3) Youth hunters are already allowed to use rifles during archery season on small game. It wasn't until the quarry switched to deer that archery hunters had a problem with firearms being use during the archery season.

4) Why is it that safety is all of a sudden a concern when 80,000 archery hunters are asked to share the woods with 13,000 youth gun hunters (most of which will be hunting private land, and all of which can participate in small game seasons with firearms), but it's not a concern when the same youth hunters share the woods with about 500,000 other gun hunters? I think there's enough room in NY's woods to conduct a very safe early season youth gun hunt during the archery season, don't you?

5) Several states conduct safe youth firearms deer hunts during the regular archery season...why can't NY be one of them?

"Then add in the adults who will not have the ethics to say kids only and will go out and blast a buck themselves"

And the current regulations stop them from poaching deer how?You're really going to deny 13,000 youths the opportunity to get first crack a the deer herd because you're afraid a few poachers will take advantage of the season? A poacher is a poacher...it doesn't matter what season is open or closed, they're going to harvest illegally harvest game some way or another. As I said before, firearms are already legal during the archery season...the scenario you mentioned above is likely already happening. The most we can do is monitor the problem and report any incidents we come across...just like any other poaching scenario.

"There is alot of factors on both sides you need to consider can go wrong"

It's not a bad thing to consider what can go wrong, but it's also important to keep things in perspective. NYB is notorious for exaggerating and using fear tactics to get their way. When you compare what can go wrong during the archery season and what can go wrong during the regular firearms season, the regular firearms season will win every time. Now compare that with the number of firearms accidents that actually do happen during the regular deer season involving youths, and you'll understand that the "safety concerns" archery hunters have are simply not justified. A little common sense and blaze orange can go a long way.

How about this...if safety is such a concern, then why not move the youth hunt up to the last weekend in September? As a bow hunter, would you be OK with that? And if not, then why not?

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from akferraro1 wrote 1 year 51 weeks ago

bioguy,

Today we favor organized sports and activities over free time outside. Kids are at practice or playing video games. Weekends are often consumed buy team sports- so it's very important to make the most out of any opportunities to hunt. Sunday hunting bans (in PA) absolutely kill youth hunting because free Saturdays are very rare- at least special youth hunts give us a chance. I'm happy to say I've gotten a number of kids (my own and their friends) into fishing, but hunting is a much harder sell and we need all the help we can get. We are losing this battle and it's not even close.

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from Josh Giannino wrote 1 year 51 weeks ago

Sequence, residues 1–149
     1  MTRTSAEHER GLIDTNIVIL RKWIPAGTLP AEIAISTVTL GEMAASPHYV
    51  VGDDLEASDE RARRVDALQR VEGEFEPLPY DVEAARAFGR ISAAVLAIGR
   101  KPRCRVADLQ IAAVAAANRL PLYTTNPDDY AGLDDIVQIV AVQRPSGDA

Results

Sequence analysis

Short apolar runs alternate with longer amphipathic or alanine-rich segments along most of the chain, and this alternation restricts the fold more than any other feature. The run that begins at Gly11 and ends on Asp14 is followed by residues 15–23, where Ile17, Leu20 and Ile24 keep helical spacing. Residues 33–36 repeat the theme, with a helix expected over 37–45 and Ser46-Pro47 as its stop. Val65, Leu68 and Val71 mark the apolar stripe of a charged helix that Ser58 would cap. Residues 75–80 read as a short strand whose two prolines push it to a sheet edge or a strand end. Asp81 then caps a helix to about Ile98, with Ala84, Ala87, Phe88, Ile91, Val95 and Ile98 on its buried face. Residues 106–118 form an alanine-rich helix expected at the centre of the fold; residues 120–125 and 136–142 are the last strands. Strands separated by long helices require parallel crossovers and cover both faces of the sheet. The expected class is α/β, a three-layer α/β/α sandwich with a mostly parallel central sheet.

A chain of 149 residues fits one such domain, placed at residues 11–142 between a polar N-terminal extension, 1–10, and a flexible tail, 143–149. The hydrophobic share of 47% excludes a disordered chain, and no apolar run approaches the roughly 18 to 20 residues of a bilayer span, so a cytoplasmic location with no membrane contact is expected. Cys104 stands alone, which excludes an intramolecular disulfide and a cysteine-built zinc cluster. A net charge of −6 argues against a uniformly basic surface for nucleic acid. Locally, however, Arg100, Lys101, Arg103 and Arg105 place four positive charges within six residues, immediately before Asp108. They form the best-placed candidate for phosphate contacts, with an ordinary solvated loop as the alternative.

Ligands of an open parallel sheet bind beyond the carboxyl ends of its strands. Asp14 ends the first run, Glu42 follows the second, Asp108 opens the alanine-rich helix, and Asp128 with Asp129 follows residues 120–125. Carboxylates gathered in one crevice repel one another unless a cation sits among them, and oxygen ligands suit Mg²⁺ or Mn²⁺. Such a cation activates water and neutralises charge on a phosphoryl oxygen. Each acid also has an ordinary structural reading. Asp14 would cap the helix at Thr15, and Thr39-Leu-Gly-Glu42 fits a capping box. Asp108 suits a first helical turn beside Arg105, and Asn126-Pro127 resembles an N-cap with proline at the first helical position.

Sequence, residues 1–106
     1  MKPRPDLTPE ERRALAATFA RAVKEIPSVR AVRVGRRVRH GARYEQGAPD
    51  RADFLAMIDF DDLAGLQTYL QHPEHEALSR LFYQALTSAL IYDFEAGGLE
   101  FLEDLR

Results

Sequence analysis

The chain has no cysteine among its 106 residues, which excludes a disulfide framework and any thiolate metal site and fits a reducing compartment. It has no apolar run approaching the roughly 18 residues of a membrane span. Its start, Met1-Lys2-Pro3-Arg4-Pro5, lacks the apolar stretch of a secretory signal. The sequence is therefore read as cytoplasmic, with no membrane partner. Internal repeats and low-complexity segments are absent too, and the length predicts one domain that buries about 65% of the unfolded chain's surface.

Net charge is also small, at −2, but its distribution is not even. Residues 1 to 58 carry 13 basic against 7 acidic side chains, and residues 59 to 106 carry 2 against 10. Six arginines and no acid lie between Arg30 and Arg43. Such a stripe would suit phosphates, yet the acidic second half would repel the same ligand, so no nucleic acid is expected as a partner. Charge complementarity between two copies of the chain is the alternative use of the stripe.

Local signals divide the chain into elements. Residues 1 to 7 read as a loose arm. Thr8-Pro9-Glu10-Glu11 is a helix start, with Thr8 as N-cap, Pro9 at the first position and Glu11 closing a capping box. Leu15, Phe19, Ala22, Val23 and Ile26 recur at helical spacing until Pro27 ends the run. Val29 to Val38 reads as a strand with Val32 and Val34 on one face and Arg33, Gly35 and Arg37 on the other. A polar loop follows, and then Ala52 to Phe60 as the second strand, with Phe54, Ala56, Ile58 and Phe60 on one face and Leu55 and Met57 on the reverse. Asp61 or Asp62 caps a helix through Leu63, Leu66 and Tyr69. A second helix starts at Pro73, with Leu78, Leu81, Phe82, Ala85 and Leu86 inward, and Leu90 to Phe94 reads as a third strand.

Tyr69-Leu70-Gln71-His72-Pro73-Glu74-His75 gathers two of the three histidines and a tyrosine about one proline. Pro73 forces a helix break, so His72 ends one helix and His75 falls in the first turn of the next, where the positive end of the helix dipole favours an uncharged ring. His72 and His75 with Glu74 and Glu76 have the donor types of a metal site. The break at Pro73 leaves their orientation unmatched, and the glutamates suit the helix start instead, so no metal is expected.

Bioguy01- you are making a very well placed arguemnt, and I can see a late september youth firearm season very viable. Your arguement has a strong base and you pointed out information I did not see or read, I will say Im a 100% on board with the idea as i have my doubts and skepticism of the hunt, but If DEC has the research and facts you've proven, I would have to agree it would be a good Idea.

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from Josh Giannino wrote 1 year 51 weeks ago

Im not* typos suck

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from bioguy01 wrote 1 year 51 weeks ago

akferraro1 - Spot on!

Josh Gianinno - It's important to remember that just because a hunting based organization pushes strongly for one issue or another doesn't mean it's the right thing to do. You really need to analyze all of the facts and make that call on your own, and ring the BS bell loudly when something doesn't sound right. There are some issues where NYB will receive my full support, this just wasn't one of them. It made New York bow hunters look selfish and ignorant to the rest of the hunting community, and that's no cool! You know what the worst enemy to hunters is? Some would say anti-hunting organizations like PETA or HSUS, but really, what have they ever done to eliminate hunting opportunities? Nothing really...we're too united and have better facts and science on our side to let them win. No, the worst enemy to hunters is other hunters. I mean look at NYB...it's an organization of hunters thought to promote hunting right? Yet this year they prevented both a youth hunt, and they prevented the ability of disabled and elderly hunters to use crossbows during the regular archery season? Does that sound "pro-hunting" to you? What's worse it their tactics were not based in science and facts, but rather fears and opinion. The facts and science say there's no reason not to allow a youth hunt or cross bows. When political legislation can be swayed by fears, opinion, and strong feelings, hunters lose! Now that's dangerous! I'll take a battle against PETA or HSUS any day, because that's a battle we can, and always will win. In a battle of hunter vs. hunter...there's ultimately going to be a loser, and that loser is going to be a fellow hunter and that's not cool!